-K and other electrolytes lost in the urine must be replaced
-When hyponatremia is more severe and unresponsive to diuretics, intermittent or continuous hemofiltration may be needed to control ECF volume while hyponatremia is corrected with IV 0.9% normal saline
-In euvolemia, treatment is directed at the cause (eg, hypothyroidism, adrenal insufficiency, diuretic use).
-When SIADH is present, severe water restriction (eg, 250 to 500 mL/24 h) is generally required. Additionally, a loop diuretic may be combined with IV 0.9% saline.
-plasma Na < 109 mEq/L; effective osmolality < 238 mOsm/kg
-Severe hyponatremia in asymptomatic patients can be treated safely with stringent restriction of water intake
-Hyponatremia in patients with neurologic symptoms supplementation of sodium is needed
-plasma Na be raised no faster than 1 mEq/L/h, but replacement rates of up to 2 mEq/L/h for the first 2 to 3 h have been suggested for patients with seizures.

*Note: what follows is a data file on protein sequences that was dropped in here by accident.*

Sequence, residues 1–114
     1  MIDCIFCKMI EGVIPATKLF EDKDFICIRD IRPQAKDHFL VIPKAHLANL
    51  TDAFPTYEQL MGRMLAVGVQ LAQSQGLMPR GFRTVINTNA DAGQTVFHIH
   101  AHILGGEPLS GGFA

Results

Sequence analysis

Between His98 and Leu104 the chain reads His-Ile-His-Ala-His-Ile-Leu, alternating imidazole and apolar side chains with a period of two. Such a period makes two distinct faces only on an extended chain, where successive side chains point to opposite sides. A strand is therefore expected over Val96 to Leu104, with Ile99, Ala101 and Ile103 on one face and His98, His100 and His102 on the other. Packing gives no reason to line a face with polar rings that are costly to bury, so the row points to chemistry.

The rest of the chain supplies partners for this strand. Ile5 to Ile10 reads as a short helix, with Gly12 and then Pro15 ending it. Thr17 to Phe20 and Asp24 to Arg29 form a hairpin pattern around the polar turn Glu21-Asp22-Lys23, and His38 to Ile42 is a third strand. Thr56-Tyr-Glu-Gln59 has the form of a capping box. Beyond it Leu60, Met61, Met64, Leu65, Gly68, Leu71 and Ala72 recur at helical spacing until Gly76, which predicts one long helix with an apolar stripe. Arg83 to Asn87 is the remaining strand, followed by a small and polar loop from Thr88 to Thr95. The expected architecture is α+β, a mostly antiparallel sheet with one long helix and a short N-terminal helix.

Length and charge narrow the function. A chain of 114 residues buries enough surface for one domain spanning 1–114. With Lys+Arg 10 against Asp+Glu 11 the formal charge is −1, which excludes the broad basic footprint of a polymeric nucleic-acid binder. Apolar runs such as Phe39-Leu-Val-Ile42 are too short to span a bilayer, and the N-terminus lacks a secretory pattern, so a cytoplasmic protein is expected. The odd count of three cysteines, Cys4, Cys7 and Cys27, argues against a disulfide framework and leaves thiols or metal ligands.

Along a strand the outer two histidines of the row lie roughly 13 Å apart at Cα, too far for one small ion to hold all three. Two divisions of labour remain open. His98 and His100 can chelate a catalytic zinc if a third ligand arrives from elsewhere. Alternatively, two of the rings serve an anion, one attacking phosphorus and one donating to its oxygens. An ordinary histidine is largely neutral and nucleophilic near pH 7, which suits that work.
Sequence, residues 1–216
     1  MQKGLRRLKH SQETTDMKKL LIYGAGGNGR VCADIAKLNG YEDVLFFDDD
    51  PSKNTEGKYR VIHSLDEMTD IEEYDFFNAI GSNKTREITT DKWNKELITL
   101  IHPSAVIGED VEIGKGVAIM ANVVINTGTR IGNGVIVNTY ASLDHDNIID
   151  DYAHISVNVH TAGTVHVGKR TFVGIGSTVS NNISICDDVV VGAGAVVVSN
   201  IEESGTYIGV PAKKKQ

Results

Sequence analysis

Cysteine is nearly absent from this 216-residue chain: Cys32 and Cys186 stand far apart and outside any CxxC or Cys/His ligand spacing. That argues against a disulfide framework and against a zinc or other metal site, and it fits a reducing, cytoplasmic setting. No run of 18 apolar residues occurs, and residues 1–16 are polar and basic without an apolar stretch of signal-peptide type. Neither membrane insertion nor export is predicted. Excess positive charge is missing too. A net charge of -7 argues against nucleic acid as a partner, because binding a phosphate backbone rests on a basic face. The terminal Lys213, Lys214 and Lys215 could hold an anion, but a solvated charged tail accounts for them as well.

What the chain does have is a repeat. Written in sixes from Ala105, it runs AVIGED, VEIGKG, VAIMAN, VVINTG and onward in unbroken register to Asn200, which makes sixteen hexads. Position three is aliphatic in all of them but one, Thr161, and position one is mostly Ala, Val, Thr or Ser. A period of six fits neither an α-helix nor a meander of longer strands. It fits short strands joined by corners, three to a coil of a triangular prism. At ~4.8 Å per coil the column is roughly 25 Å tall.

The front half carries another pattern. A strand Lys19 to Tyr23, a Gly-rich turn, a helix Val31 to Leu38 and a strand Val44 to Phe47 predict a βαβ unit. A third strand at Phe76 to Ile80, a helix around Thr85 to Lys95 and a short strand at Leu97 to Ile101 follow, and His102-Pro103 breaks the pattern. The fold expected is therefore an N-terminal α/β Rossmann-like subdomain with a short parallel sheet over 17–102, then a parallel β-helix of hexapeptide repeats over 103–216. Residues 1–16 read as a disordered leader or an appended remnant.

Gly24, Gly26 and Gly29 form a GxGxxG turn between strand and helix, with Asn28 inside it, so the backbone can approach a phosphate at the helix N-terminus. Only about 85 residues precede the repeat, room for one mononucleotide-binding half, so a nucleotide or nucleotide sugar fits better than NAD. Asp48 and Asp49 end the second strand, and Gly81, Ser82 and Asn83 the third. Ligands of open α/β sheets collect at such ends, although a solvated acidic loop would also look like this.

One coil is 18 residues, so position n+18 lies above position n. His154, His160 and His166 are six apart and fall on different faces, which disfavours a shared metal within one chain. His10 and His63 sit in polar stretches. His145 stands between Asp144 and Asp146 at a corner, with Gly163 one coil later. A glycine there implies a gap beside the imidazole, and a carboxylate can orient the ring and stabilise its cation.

-Hypertonic saline may be used, but only with frequent electrolyte determinations
-The rise should be ≤ 10 mEq/L over the first 24 h. More vigorous correction risks precipitation of osmotic demyelination syndrome.
Osmotic demyelination syndrome
may follow too-rapid correction of hyponatremia.
Demyelination may affect the pons and other areas of the brain.
Lesions are more common in patients with alcoholism, undernutrition, or other chronic debilitating illness.
Flaccid paralysis, dysarthria, and dysphagia can evolve over a few days or weeks.
The lesion may extend dorsally to involve sensory tracts and leave patients with a locked-in syndrome (an awake and sentient state in which patients, because of generalized motor paralysis, cannot communicate, except possibly by coded eye movements).
Damage often is permanent.
When Na is replaced too rapidly (eg, > 14 mEq/L/8 h) and neurologic symptoms start to develop, it is critical to prevent further plasma Na increases by stopping hypertonic fluids
Decrease in plasma Na concentration < 136 mEq/L caused by an excess of water relative to solute